The Lonely Planet guidebooks are an essential part of your travel armamentarium
when seeing the world.
It has all the basic stuff you would find in a travel book: places to see, stay, eat, activities and tours, facts about the place, a little bit of a history lesson, maps, getting there and around etc. But what I like about them is that it gives loads of practical information and recommendations, and it is constantly updated by travellers.
They always list the name of the place with a telephone number, and a web site if applicable. And prices (last reported!), with a comment on the suitability. It has a simple efficient narrative style. Lonely Planet encourages feedback from travellers. Nothing stays the same. Everyone who writes to them will get their name in the next edition of the appropriate guide and a free subscription to their newsletter.
It is generally suited to those travelling in less than 4- 5 star luxury, and that is really the majority of us out there! It does have its root with backpackers. Lonely Planet has quite a diversified series covering the whole earth: travel guides, shoe string guides, walking guides, city guides, audio packs, travel atlases, diving and snorkelling guides and travel literature. You and even download selected guidebook upgrades from www.lonelyplanet.com. There is also a tv and video series.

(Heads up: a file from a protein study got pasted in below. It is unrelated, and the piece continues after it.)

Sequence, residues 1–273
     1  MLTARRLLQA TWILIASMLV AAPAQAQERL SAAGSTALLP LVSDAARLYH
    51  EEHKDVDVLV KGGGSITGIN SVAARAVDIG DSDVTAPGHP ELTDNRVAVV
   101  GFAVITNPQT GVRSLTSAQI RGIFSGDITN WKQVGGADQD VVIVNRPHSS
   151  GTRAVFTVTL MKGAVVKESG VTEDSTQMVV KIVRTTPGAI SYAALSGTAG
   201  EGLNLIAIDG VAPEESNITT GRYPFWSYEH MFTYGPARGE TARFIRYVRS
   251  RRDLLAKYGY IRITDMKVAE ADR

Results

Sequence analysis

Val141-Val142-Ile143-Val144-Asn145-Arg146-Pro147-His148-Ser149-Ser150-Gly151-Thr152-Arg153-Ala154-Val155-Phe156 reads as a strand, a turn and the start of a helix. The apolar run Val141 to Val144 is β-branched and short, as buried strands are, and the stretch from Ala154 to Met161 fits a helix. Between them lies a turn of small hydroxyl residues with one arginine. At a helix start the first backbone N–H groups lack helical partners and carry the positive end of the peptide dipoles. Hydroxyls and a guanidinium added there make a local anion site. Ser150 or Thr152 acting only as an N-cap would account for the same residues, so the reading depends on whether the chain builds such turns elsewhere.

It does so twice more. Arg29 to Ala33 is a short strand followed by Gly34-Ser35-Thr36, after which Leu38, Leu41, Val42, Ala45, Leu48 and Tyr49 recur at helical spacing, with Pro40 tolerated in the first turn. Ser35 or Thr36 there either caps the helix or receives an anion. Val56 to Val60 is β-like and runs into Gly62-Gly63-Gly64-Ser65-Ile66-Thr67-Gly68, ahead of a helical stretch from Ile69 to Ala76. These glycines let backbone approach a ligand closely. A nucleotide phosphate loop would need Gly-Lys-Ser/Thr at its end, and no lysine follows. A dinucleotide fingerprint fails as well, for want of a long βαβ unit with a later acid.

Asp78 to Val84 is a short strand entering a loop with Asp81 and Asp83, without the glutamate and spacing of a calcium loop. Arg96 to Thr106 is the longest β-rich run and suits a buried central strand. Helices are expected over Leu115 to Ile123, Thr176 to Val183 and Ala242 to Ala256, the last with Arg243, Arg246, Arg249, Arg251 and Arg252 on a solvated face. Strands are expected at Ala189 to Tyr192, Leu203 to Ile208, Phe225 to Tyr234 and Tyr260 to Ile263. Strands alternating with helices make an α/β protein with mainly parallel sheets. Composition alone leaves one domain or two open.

The Lonely Planet Story
It began in 1972 when Tony and Maureen Wheeler took a journey across Asia, from England to Australia. As there was virtually no information about the overland route at that time, so they responded to questions by compiling the book Across Asia on the Cheap in 1973. The book was written and stapled together at a kitchen table in Melbourne (Victoria, Australia).
I guess you might say that the rest was history. From the first tiny office in Melbourne, Lonely Planet has grown to become the largest independent travel publisher in the world. It has offices in Melbourne, Oakland, London and Paris.